Thank all the e-residents who took part in the study, as well as every student on the Interaction Design course — Ene Allas, Roland Arnoldt, Kaidi Ilves, Mirko Känd, Eerik Kändler, Britta Laumets, Riina Libe, Gloria Paul, Mariin Petoffer, Ene Raja, Raili Randmaa, Hans Tort, Timo Treit, and Kristina Valter. Thank you as well to their teachers, Dan Mikkin, Amid Moradganjeh, and Kristjan Mändmaa. They have all made a significant contribution to the future of our digital nation.

The importance of community

In many ways, the e-resident community is already growing.

E-residents are meeting each other right now both online across social media and offline around the world because they feel that they are part of something special and they want to connect with like-minded people who have also signed up.

Ernest Hemmingway famously (at least in Estonia) once wrote that “in every port in the world, at least two Estonians can be found.” However, it’s now even easier to find e-residents of our digital nation everywhere you go too.

By connecting, e-residents are forming friendships, finding new solutions together, and providing each other with business opportunities. This doesn’t just help them individually, but also helps the entire e-Residency programme because this community adds more value to being an e-resident and helps us all learn more about the best ways to benefit from the programme.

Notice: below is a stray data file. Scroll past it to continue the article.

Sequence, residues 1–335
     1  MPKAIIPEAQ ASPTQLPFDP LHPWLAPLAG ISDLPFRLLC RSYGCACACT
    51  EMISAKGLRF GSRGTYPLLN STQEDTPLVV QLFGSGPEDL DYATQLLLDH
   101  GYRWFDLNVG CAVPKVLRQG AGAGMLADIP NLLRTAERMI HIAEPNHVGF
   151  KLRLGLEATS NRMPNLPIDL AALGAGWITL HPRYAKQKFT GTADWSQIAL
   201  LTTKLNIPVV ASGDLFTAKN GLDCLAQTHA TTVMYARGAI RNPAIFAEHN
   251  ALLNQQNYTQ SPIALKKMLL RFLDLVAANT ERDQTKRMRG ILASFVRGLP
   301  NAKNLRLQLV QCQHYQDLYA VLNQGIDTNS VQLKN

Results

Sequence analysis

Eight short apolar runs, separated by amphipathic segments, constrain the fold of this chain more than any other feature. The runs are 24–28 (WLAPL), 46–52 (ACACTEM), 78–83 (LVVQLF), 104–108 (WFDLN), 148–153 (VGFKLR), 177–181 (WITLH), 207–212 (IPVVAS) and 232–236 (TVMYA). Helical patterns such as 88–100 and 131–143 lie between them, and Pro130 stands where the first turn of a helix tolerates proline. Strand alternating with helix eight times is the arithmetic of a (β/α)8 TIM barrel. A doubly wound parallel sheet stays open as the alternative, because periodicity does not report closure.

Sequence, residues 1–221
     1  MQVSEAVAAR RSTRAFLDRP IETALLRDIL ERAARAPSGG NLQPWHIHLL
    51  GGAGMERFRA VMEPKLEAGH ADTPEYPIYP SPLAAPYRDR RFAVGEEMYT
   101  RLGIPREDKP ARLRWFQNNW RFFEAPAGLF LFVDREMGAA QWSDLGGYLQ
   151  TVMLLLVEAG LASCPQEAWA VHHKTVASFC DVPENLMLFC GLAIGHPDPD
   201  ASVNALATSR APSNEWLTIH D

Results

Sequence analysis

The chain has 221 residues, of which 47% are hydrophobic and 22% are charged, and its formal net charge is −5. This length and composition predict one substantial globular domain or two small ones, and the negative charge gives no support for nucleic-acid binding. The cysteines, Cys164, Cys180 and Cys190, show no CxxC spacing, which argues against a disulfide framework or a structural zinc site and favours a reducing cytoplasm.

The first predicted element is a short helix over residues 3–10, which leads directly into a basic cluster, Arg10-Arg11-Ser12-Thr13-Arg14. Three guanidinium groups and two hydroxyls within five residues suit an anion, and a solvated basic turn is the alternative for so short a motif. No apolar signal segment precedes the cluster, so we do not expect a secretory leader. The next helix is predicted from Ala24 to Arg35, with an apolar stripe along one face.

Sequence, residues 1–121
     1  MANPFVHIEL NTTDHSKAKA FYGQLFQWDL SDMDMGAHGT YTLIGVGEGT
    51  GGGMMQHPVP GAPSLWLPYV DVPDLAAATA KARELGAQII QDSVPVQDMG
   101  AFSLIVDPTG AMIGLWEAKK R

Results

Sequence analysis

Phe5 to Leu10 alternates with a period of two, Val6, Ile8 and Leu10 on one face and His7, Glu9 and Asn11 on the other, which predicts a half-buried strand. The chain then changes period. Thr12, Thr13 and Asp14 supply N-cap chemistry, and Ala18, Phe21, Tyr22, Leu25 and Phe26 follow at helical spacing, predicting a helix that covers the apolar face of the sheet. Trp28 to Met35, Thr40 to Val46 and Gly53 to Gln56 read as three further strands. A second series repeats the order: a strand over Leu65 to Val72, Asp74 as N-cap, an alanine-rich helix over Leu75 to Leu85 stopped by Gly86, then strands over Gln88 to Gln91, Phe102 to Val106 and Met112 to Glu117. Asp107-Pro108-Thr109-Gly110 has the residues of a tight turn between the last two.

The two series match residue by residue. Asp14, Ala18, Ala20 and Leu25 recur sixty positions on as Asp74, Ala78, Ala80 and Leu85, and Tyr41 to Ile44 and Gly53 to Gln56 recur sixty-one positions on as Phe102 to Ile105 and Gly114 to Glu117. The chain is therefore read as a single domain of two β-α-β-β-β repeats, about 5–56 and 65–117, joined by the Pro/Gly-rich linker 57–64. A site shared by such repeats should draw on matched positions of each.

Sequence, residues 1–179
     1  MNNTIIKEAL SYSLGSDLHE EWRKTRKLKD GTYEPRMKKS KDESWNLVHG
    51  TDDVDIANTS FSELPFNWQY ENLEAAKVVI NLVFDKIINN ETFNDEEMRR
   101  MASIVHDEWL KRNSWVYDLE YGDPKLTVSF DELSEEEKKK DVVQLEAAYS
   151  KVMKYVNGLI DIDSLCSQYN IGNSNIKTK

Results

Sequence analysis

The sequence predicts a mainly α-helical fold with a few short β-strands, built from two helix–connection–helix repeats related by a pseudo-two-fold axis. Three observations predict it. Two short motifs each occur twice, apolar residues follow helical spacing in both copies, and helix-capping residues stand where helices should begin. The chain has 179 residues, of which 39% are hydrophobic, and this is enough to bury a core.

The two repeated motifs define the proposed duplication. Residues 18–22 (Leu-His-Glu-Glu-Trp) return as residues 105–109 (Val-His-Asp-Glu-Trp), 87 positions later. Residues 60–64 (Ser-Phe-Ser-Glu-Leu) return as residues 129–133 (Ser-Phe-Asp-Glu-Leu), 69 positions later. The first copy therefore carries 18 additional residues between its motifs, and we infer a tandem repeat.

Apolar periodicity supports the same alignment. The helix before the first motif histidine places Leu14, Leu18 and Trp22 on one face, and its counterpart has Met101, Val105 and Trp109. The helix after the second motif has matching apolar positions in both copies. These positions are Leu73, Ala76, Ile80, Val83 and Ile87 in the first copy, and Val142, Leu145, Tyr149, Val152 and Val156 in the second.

For most e-residents though, the opportunities to connect with other e-residents are still limited.

There’s a great Facebook group called Estonian e-residents, for example, and one of the most common types of post there is simply asking who else is an e-resident from their own country. There simply has to be an easier way for e-residents to find each other based on their needs and not just because they happen to see a one-off post.

For some e-residents, this community has the potential to be one of the most valuable parts of the programme. Even if not everyone wants to start a company straight away, they may still be very keen to explore opportunities that can come from connecting with other e-residents.

We know that many e-residents are already part of various business communities, both online and off, from Facebook groups to Chambers of Commerce so they see the value of e-Residency as a business community too. Many e-residents are already paying a fair amount of money in membership fees to those networking organisations outside of e-Residency that can connect them with like-minded entrepreneurs.

As Sean Watson, Director of the Innovation Partnership Program at Singularity University, explained to us recently:

“I love being part of Estonia’s digital nation through e-Residency,but I don’t have a need for the e-services…at least not yet! .But who wouldn’t want to build connections with the dynamic and forward-thinking e-Residency community? We’re spread around the world, but we’re a self-selecting group that shares many of the same values. Instead of starting a company, I’m excited to share ideas and collaborate with like-minded e-Residents to see what we can create together.”